Small, no less tragic, crises
In last week’s blog, which focused on the refugee crisis in Europe and how to help, we talked about how a major humanitarian crisis can often get all the attention, leaving other, smaller — but often not less tragic — crises forgotten.
Exhibit A: Yemen.
I’ll b the first to admit I had forgotten there was even a conflict in Yemen. In fact, it’s been raging since March, when a Saudi-led coalition of Arab forces began attacking Shiite rebels there.
It was about the last place that needed the additional chaos of war: It is the poorest country in the Middle East where more than half the population is in poverty, and the country has one of the highest infant mortality rates in the world. Oxfam International has been working in Yemen to improve health care and provide basic needs for 30 years, as political unrest and violence displaced people and wrecked the country’s infrastructure.
It’s hard to imagine how things could get worse, but war has a way of making the unimaginable into reality.
The United Nations says that since March, the 16 million Yemenis in need of humanitarian assistance has increased to 21 million — 80 percent of the population. Oxfam says that number has since increased to 84 percent of Yemenis.
Making everything even more difficult is the coalition’s blockade of coalition-controlled areas, bombed airports, and rebels’ blockade of territory they control. This is absolutely critical, because Yemen imports 90 percent of its food and fuel. A Doctors Without Borders official said in July the blockade of food and medicine is killing as many people as the bombing and shelling.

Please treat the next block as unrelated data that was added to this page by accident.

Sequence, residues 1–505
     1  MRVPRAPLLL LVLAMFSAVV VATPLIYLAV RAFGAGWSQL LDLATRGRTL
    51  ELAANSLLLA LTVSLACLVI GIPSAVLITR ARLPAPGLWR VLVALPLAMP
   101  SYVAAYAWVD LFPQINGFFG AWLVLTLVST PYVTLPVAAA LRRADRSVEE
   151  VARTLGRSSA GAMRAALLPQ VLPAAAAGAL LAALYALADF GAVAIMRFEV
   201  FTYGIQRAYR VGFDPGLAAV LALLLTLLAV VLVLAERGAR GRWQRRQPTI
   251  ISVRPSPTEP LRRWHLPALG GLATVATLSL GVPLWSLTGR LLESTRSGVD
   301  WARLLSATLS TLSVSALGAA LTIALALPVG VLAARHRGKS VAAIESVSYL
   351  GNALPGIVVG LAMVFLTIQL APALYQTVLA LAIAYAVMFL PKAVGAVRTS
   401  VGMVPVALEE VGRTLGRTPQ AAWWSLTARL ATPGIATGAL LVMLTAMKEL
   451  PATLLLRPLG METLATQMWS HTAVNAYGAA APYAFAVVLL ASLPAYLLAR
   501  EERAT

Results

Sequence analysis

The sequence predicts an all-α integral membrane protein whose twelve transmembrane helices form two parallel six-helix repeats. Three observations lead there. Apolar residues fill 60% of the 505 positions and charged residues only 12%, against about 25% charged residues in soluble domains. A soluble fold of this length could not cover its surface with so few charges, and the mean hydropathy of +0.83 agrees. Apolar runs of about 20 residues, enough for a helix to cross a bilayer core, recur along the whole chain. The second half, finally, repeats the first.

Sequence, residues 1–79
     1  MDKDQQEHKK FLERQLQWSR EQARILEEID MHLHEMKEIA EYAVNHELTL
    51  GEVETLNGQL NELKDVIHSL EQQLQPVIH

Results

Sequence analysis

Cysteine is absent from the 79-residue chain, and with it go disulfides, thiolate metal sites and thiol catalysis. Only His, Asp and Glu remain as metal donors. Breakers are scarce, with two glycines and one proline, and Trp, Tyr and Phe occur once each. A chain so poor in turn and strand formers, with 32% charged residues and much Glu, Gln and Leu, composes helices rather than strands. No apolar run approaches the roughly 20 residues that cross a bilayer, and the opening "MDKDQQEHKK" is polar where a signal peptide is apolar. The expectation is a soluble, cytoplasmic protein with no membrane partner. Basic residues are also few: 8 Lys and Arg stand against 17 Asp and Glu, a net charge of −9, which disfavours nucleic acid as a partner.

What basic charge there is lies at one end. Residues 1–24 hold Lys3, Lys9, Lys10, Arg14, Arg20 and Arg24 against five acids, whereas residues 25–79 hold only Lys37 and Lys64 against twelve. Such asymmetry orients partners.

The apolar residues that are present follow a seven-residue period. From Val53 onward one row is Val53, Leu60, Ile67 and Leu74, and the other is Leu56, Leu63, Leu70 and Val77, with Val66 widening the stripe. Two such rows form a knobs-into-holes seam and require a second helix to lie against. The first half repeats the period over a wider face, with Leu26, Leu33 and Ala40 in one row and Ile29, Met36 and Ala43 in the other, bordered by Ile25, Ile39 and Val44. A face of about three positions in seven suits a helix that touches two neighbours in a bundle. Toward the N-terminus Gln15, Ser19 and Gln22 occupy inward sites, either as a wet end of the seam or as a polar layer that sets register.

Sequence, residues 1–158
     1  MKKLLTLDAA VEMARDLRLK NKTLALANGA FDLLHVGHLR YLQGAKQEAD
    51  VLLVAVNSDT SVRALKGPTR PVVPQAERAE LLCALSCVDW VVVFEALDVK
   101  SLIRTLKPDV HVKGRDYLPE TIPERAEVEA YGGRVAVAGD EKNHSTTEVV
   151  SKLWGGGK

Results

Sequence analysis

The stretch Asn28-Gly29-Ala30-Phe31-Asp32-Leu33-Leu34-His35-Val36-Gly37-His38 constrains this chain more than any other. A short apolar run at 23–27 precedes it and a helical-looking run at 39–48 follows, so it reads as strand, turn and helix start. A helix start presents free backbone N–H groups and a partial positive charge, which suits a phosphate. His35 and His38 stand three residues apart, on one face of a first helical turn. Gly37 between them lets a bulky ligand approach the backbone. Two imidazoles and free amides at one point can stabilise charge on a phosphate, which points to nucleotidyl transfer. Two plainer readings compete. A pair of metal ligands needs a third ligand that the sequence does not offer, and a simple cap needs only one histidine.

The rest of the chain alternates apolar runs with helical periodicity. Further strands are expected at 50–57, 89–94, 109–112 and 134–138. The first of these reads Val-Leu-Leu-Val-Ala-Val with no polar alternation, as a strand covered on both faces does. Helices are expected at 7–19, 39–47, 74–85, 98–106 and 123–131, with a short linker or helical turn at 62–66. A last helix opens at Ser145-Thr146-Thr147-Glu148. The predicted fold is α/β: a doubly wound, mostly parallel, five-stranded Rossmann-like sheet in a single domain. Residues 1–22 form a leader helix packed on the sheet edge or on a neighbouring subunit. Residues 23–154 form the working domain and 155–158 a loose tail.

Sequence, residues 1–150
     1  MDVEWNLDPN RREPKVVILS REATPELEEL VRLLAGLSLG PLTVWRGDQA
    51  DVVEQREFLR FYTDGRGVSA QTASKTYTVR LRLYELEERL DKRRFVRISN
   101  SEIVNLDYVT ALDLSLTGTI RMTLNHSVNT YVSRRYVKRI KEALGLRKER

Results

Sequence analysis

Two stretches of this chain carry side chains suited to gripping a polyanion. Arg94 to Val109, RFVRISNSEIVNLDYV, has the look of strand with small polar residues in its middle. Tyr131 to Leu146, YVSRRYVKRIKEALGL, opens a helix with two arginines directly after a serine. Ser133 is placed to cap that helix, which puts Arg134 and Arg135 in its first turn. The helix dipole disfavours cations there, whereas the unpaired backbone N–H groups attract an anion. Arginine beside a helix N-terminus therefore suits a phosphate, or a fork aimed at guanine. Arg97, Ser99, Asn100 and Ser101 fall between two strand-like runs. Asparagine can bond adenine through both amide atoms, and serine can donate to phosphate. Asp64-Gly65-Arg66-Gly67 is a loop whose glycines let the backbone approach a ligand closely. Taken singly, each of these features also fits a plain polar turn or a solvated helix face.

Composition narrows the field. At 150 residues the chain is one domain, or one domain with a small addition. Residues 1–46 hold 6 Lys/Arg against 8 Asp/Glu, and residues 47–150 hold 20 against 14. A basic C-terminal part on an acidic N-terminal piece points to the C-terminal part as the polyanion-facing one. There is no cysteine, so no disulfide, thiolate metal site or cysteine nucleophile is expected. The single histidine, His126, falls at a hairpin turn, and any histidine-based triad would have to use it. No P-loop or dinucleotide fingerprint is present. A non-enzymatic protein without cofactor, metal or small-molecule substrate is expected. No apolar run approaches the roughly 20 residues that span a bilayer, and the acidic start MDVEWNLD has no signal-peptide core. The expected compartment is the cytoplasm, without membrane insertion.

And last week, the coalition attacks intensified, making aid even more difficult. Oxfam hosted its Yemen team leader, Tariq Riebl, on its Twitter feed Friday, answering questions about the conflict and Oxfam’s mission. Riebl has witnessed more than 1,000 airstrikes in the last three months.
Riebl tweeted that the gains made in women’s equality have been set back by the conflict, and mothers are having to explain to their children the sound of airstrikes; also many non-military and civilian targets have been hit, likely in violation of international law, including schools, hospitals and mosques.
Oxfam also produced an interactive guide to what’s happening in Yemen, which you can see here.
A bit of good news
War is awful enough. But when children are recruited (forced) to become soldiers, it adds a horrifyingly perverse twist to the situation.
UNICEF estimates up to 5,000 children have been “exploited as fighters, porters or cooks for armed groups in Somalia.” But Friday the agency reported that nearly 400 have been released from service and reintegrated into educational programs.
Only 4,600 to go.
Cheers to this couple
And finally, a Turkish couple decided that a lavish celebration for their wedding just wouldn’t be right with thousands of refugees on their doorstep.
So instead of a throwing the elaborate event Turkish weddings are known for, they took the money they would have spent and used it to feed refugees.
You can see video of the newlyweds — in their wedding clothes — serving the food.
Talk about a relationship built on love.
Remember, links, tips and accounts of the response to any crisis anywhere in the world are always welcome at firstname.lastname@example.org.
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